The UK’s shadow minister for the Middle East, Bambos Charalambous, has condemned Israel’s cruel policy of separating Palestinian mothers from new-born babies in a recent article describing how the Apartheid State’s illegal occupation “is a fundamental barrier to peace”.
Writing in the Labour List, after returning from a week-long visit to the region organised by Medical Aid for Palestinians and the Council for Arab and British Understanding, Charalambous, pledged that in government, Labour, “would immediately recognise the state of Palestine”. Predictably, the Enfield Southgate MP also reasserted Labour’s long held policy of supporting the two-state solution but nevertheless acknowledged that such a goal was a long way away because of the “brutal reality of occupation.”
What is less predictable is Charalambous’s shocking description of the daily dehumanisation endured by Palestinians under Israel’s brutal military occupation. “Our delegation saw so many examples of this,” recounts the shadow minister. “Palestinian children undergoing draconian treatment in military courts; demolitions of homes and communities in East Jerusalem; demolition orders on basic infrastructure in the West Bank, including a health clinic partly funded by UK aid.”
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Though Charalambous avoids describing Israel as an Apartheid State, as is the international consensus amongst human right groups, the Labour MP mentioned the racist segregation of Jews and Palestinians in Hebron. He also spoke of the “huge expansion” of Jewish only illegal settlements on Palestinian land; the construction of a barbed wire and concrete barrier that cuts across Palestinian communities.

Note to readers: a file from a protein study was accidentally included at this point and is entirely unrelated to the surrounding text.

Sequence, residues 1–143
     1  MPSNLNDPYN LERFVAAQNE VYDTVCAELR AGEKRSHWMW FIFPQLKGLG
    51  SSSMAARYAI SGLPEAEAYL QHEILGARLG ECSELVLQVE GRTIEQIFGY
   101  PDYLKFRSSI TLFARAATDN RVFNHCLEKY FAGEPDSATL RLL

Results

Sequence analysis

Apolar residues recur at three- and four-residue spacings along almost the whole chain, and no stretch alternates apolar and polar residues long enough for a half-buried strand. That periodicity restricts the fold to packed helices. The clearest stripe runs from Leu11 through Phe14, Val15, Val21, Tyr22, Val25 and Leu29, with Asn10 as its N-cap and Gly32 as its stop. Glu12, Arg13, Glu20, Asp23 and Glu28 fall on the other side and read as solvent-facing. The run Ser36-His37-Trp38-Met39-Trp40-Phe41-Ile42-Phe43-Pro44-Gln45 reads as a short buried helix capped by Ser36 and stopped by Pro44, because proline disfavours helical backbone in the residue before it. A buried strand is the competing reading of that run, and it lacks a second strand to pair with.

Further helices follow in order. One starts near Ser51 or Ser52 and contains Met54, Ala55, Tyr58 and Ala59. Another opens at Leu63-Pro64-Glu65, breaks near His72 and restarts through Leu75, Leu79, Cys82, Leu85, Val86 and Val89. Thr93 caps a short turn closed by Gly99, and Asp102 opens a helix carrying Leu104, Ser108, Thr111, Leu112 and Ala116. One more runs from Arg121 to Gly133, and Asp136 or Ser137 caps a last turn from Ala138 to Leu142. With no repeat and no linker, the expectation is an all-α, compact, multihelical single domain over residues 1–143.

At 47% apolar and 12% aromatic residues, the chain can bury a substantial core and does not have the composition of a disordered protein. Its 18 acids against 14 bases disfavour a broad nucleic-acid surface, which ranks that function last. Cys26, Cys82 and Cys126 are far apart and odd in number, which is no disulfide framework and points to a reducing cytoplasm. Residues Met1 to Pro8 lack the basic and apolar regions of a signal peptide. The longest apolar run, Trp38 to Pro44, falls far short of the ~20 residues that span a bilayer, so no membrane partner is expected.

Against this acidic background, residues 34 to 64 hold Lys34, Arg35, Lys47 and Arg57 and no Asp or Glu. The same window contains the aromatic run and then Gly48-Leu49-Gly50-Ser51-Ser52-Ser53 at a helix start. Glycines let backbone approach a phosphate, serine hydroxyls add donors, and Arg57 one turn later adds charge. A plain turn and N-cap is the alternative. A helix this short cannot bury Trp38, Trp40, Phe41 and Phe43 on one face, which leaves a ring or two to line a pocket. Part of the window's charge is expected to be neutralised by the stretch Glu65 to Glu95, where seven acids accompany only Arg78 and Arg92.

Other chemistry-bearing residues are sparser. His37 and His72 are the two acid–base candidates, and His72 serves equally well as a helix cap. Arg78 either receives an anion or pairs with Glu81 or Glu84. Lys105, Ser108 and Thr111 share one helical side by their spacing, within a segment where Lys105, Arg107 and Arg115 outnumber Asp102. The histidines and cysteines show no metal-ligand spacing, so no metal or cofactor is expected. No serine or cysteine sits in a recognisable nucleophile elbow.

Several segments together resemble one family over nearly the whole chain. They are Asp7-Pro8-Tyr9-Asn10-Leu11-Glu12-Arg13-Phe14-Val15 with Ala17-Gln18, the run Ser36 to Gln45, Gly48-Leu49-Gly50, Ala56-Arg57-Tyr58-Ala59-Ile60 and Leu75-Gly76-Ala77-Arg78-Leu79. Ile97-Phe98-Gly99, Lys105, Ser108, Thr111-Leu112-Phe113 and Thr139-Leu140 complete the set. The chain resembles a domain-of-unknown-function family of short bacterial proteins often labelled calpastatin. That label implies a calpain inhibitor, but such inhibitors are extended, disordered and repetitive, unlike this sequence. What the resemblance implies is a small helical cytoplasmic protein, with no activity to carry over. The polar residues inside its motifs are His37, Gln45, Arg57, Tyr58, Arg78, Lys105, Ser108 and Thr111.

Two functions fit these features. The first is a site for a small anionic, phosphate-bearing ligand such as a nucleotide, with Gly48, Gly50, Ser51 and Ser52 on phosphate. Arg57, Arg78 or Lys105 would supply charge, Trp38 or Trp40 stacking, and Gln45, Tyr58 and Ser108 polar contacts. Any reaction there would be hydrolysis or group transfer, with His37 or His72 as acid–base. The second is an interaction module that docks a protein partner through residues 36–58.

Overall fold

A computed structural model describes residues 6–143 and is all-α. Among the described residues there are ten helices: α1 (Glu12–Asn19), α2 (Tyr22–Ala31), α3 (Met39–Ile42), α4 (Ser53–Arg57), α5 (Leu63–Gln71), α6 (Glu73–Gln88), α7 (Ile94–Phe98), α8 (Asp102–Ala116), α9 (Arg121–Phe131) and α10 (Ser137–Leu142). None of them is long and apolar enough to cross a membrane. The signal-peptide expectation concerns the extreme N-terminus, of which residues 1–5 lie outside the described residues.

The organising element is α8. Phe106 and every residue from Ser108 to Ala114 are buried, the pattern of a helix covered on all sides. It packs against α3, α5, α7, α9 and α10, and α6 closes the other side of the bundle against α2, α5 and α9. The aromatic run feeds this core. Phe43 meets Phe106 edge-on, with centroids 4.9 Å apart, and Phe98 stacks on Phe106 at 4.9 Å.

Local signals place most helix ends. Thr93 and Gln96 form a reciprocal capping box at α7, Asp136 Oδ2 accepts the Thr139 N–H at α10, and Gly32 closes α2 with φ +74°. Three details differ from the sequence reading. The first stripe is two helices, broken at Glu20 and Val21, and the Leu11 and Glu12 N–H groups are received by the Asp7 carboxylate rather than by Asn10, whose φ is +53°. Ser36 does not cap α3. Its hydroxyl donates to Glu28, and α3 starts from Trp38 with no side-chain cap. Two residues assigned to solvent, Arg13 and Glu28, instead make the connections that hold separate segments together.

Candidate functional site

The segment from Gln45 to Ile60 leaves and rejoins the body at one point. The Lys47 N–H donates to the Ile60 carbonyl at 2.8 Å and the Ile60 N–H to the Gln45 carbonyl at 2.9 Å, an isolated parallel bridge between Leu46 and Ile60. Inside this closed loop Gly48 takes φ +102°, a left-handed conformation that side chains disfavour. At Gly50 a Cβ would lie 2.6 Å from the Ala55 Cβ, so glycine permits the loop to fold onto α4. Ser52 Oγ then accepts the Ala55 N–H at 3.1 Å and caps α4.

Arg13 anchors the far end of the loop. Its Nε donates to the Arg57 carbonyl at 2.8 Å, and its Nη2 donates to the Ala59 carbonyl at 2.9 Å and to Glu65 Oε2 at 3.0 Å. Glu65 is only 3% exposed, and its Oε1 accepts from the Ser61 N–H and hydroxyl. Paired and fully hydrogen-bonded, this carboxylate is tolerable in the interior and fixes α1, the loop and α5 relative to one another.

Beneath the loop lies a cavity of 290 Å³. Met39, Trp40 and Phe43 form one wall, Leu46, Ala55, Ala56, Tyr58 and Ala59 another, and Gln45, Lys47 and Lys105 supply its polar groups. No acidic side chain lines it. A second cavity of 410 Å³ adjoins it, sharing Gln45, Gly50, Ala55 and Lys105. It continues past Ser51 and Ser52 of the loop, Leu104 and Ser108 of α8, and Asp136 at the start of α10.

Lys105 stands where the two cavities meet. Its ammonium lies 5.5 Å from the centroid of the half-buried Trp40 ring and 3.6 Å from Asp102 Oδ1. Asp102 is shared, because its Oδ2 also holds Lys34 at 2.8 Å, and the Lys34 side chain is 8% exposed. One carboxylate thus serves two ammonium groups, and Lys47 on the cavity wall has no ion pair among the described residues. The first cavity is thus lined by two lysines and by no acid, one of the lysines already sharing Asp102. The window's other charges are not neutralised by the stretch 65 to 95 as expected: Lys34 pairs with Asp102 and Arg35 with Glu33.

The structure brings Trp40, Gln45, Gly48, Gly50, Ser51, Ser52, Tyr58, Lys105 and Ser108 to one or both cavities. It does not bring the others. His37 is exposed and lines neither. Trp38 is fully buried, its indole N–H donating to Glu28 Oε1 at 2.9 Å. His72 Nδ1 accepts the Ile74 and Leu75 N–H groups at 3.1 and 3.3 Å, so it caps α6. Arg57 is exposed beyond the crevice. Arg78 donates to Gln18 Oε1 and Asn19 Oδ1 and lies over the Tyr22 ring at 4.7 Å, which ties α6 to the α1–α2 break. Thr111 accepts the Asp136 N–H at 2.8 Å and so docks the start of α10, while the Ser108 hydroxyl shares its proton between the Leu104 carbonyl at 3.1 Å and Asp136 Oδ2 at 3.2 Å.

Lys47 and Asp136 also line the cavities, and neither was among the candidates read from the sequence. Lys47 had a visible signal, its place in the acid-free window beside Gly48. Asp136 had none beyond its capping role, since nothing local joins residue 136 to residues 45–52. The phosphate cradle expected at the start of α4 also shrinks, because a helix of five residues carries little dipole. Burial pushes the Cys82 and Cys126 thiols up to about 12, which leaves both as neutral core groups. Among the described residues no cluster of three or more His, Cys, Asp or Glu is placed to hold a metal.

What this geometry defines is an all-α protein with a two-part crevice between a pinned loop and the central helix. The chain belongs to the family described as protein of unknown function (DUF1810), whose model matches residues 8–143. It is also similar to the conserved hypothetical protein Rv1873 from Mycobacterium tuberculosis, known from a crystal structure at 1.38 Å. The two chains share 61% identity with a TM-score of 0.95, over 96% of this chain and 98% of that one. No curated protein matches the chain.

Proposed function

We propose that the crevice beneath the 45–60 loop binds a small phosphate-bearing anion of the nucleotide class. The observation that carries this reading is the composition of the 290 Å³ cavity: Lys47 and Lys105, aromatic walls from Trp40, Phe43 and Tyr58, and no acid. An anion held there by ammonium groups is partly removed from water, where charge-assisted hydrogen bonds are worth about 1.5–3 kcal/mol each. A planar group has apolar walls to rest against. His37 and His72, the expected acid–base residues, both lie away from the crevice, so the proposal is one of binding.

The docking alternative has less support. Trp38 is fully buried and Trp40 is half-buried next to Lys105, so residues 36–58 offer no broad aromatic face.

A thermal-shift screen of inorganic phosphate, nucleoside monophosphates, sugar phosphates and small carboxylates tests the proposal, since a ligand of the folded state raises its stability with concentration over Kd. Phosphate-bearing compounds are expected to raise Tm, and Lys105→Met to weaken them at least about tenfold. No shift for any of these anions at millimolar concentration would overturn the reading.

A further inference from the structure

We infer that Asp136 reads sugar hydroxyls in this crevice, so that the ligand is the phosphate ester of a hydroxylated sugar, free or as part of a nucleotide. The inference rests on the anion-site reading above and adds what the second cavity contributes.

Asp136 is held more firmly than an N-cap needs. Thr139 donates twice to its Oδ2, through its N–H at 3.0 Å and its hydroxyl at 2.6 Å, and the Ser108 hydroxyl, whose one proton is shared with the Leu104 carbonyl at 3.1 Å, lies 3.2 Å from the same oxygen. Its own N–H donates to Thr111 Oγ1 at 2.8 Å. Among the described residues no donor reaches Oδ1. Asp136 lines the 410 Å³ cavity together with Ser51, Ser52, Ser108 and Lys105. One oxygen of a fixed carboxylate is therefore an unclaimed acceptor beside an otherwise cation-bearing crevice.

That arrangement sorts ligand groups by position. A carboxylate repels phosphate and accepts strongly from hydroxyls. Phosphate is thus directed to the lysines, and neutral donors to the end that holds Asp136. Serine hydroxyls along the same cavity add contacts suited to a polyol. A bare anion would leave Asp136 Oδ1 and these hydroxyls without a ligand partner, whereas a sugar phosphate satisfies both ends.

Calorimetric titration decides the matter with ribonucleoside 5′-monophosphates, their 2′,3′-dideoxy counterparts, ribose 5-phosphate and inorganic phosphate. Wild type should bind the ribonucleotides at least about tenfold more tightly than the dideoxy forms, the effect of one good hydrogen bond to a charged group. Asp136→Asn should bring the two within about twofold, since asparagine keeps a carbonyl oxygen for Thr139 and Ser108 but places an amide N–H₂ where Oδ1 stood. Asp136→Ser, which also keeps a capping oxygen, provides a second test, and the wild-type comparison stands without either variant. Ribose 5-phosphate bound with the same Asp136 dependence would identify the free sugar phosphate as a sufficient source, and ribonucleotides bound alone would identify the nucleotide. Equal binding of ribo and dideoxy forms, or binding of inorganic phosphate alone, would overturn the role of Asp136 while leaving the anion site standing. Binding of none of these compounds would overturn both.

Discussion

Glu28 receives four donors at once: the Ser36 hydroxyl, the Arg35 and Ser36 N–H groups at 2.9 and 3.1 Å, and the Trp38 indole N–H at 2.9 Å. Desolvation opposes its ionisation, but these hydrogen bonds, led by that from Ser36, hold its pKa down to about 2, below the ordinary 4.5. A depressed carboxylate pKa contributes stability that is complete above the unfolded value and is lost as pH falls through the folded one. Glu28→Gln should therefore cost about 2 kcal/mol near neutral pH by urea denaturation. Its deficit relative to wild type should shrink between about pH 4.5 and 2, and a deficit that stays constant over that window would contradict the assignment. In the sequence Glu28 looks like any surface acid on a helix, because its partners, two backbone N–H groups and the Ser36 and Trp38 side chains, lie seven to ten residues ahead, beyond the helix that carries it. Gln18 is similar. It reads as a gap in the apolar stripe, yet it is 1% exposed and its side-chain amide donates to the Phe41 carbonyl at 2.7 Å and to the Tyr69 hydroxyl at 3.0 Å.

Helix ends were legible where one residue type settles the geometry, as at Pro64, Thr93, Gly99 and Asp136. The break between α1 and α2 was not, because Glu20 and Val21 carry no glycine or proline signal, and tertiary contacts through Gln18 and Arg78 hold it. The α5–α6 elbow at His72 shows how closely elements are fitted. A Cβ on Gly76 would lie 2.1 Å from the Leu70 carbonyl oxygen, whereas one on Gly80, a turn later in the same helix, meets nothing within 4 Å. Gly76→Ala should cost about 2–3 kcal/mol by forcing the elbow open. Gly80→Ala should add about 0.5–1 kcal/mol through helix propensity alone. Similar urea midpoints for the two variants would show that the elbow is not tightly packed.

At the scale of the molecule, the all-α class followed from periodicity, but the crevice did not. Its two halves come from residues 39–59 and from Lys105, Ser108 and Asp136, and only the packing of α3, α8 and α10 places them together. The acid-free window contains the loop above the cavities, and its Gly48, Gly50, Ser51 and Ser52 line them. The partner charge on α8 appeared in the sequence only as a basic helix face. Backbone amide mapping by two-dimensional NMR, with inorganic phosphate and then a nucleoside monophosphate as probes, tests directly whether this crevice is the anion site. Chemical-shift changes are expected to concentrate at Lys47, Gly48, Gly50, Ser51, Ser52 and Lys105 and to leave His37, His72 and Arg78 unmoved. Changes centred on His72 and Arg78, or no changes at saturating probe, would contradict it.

Noting that it is impossible to document the full extent of the brutal reality of Israel’s occupation, Charalambous cites the example of the suffering of Palestinian mothers separated from their new-born babies in hospitals, to highlight Israel’s cruelty towards Palestinians.
Charalambous described the horror he felt early on the first morning when the delegation was taken to Makassed Hospital in occupied East Jerusalem. They were taken into a high dependency neonatal unit containing nine cots. In each, a premature baby lay under glowing heaters. All the vulnerable babies were alone. None of them had their mother or another family member with them. “Why were these babies alone?” Charalambous asked.
Charalambous explained that, under the rules of the occupation, mothers who give birth in the hospital are allowed a three-day permit to give birth and recover. When the permit runs out, the mothers must return to the West Bank or Gaza. In situations where the new-borns are too tiny or not well enough to leave the hospital, mothers have no choice but to leave the babies in hospital.
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Worse still, doctors informed the delegation how mothers cannot get permits to visit babies after they have been forced to leave them in the hospital. Even collecting babies when they are fully recovered is difficult – permits to do so are often delayed by months. Charalambous described how one of the babies they saw had been well enough to be collected four months ago, but the Israeli authorities had denied the necessary collection permit to his mother. This practice is said to be “common”.
“The dehumanising impact of this is deep and profound,” said Charalambous, while raising concerns over the fact that many mothers of children in Makassed Hospital develop debilitating post-natal depression and the equally serious damage to children caused by the separation of a baby from their mother.
“To secure a path to peace, I believe we must ultimately look to systemic change rather than piecemeal improvements,” says Charalambous, voicing scepticism over the policies of all major Western political parties. Preferring short-term fixes, including failed attempts to make occupation more bearable for the occupied, the likes of the UK Labour party have stubbornly refused to address the racist roots of the Israel’s occupation in a comprehensive manner.
“It is important that we do not shy away from naming the occupation as an obstacle to peace,” Charalambous insists. “We must be robust in asserting international law and defending human rights.”
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